Last week, several sites that used a mobile advertising platform were removed from Google's results by a manual action of misleading redirects, something that violates search engine guidelines.
Basically what this advertising system was doing was sending mobile visitors directly to the advertiser pages, which generated a very bad browsing experience.
In the sites that I saw with this behavior, the redirection took me to a page that started downloading a mobile application of very dubious origin. This gives me the opportunity to comment on a case like this that they are reporting on the Malwarebytes blog.
They have apparently come across a number of pop-ups(pop-up windows) that tell the user that your Android device is infected with a virus:
If the user believes that it is something real and does not realize that it's just misleading advertising, finish installing an application called Android Armor that in theory could eliminate the supposed detected virus, but as everything is a lie there is nothing to eliminate:
Although the application is not malicious since once it is installed it actually scans for viruses, due to the way it is promoted – very similar to the techniques used by fake antivirus – it could be classified as an unwanted application.
When we talk about advertising and antivirus, the boundary between honest and misleading advertising is very narrow. And in this case it is clear that they are going over the line to get customers.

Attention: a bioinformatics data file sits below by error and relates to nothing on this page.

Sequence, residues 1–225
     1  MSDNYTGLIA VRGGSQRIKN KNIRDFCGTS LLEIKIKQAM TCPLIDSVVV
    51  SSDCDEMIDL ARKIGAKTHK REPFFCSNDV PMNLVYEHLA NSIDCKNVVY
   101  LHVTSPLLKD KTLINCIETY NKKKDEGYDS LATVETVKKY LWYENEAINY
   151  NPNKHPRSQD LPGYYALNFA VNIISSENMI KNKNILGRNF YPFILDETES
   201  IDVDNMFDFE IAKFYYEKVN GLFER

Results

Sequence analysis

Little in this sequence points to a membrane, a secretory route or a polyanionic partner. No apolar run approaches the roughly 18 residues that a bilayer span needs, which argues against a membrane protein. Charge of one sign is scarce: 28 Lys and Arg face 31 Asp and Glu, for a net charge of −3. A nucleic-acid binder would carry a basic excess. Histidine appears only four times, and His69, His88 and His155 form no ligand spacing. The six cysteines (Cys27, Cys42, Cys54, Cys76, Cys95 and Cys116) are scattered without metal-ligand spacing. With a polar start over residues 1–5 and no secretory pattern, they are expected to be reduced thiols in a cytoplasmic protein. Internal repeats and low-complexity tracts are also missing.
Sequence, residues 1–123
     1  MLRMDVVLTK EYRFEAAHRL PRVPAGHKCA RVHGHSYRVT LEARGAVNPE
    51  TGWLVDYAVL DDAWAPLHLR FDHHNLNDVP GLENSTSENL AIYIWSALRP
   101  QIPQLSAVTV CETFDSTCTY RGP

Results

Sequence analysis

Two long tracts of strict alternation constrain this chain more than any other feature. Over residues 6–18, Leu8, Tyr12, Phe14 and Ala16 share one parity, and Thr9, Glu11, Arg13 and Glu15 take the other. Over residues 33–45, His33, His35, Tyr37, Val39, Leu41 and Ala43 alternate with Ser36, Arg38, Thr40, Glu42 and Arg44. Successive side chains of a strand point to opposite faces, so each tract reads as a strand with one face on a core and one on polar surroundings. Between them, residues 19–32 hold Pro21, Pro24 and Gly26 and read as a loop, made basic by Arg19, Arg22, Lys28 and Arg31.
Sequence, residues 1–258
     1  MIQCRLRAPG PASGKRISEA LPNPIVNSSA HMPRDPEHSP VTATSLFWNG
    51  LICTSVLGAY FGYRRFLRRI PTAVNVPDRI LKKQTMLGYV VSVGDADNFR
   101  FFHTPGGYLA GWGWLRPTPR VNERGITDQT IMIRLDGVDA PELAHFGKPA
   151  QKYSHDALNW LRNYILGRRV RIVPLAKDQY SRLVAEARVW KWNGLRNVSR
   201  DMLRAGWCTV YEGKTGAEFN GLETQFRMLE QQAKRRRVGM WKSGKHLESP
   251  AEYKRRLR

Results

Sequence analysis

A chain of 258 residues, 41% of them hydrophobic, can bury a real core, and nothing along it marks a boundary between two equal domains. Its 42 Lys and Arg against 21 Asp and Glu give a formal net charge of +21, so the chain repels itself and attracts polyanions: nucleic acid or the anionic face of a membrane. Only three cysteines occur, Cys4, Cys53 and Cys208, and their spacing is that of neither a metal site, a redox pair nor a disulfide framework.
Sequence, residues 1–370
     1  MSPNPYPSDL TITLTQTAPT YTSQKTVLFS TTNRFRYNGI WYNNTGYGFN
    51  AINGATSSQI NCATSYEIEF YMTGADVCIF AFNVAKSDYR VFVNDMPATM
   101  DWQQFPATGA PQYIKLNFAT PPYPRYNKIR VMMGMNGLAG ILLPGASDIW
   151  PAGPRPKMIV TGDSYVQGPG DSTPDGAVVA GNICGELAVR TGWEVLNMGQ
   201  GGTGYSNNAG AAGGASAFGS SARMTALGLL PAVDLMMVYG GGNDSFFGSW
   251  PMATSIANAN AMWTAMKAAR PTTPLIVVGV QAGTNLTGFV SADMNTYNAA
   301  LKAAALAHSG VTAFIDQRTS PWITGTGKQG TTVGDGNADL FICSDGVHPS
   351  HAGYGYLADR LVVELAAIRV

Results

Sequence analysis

You have to be careful with the mobile applications that are installed, the ideal is to always go to the official stores, read the opinions of other people and only install them if we are sure.
When something comes to us unexpectedly through pop-ups, redirects or unsolicited links, you have to be suspicious. When in doubt you can always consult with someone who has experience or in the many help forums on the internet.
And related to this, in the Android Central forum a user comments on his close encounter with this misleading application. Googling animated images for her niece's birthday ended up on a site that showed her this fake pop-up that warns her about the presence of a virus called Tapsnake.
He pressed the OK button and an installation window appeared, this is the screenshot he took:
In this situation, if the first thing was to turn off the phone and wait a few minutes to turn it on again. It should be mentioned that this is not directly a problem of Google, but of the site that shows that advertising to visitors. The same will happen if you access it from another search engine like Bing or even if you directly type the URL in your mobile browser.
The interesting thing about this case is the way in which you end up encountering advertising, since one generally when doing searches on Google is not expected to end up with messages that warn about viruses on the device. But it is also very curious the attitude he had later, in the forum he comments that he immediately accessed the Android store to install the application from there.
That in part was fine, since it is much safer to install something from the official store than to do it from another source. But it was like stumbling twice on the same stone, it's also interesting how I kept hooked on the app even though I was no longer seeing the popup.
To all this, after installing this antivirus, it carried out a complete scan of the device and of course there were no traces of the Tapsnake virus that it supposedly had originally. It is exactly the same deceptive behavior that they comment on the Malwarebytes blog.
If what you are looking for is a real antivirus for your Android, the best thing will be to resort to the solutions offered by recognized companies in the sector. Crazy apps aren't worth venturing into.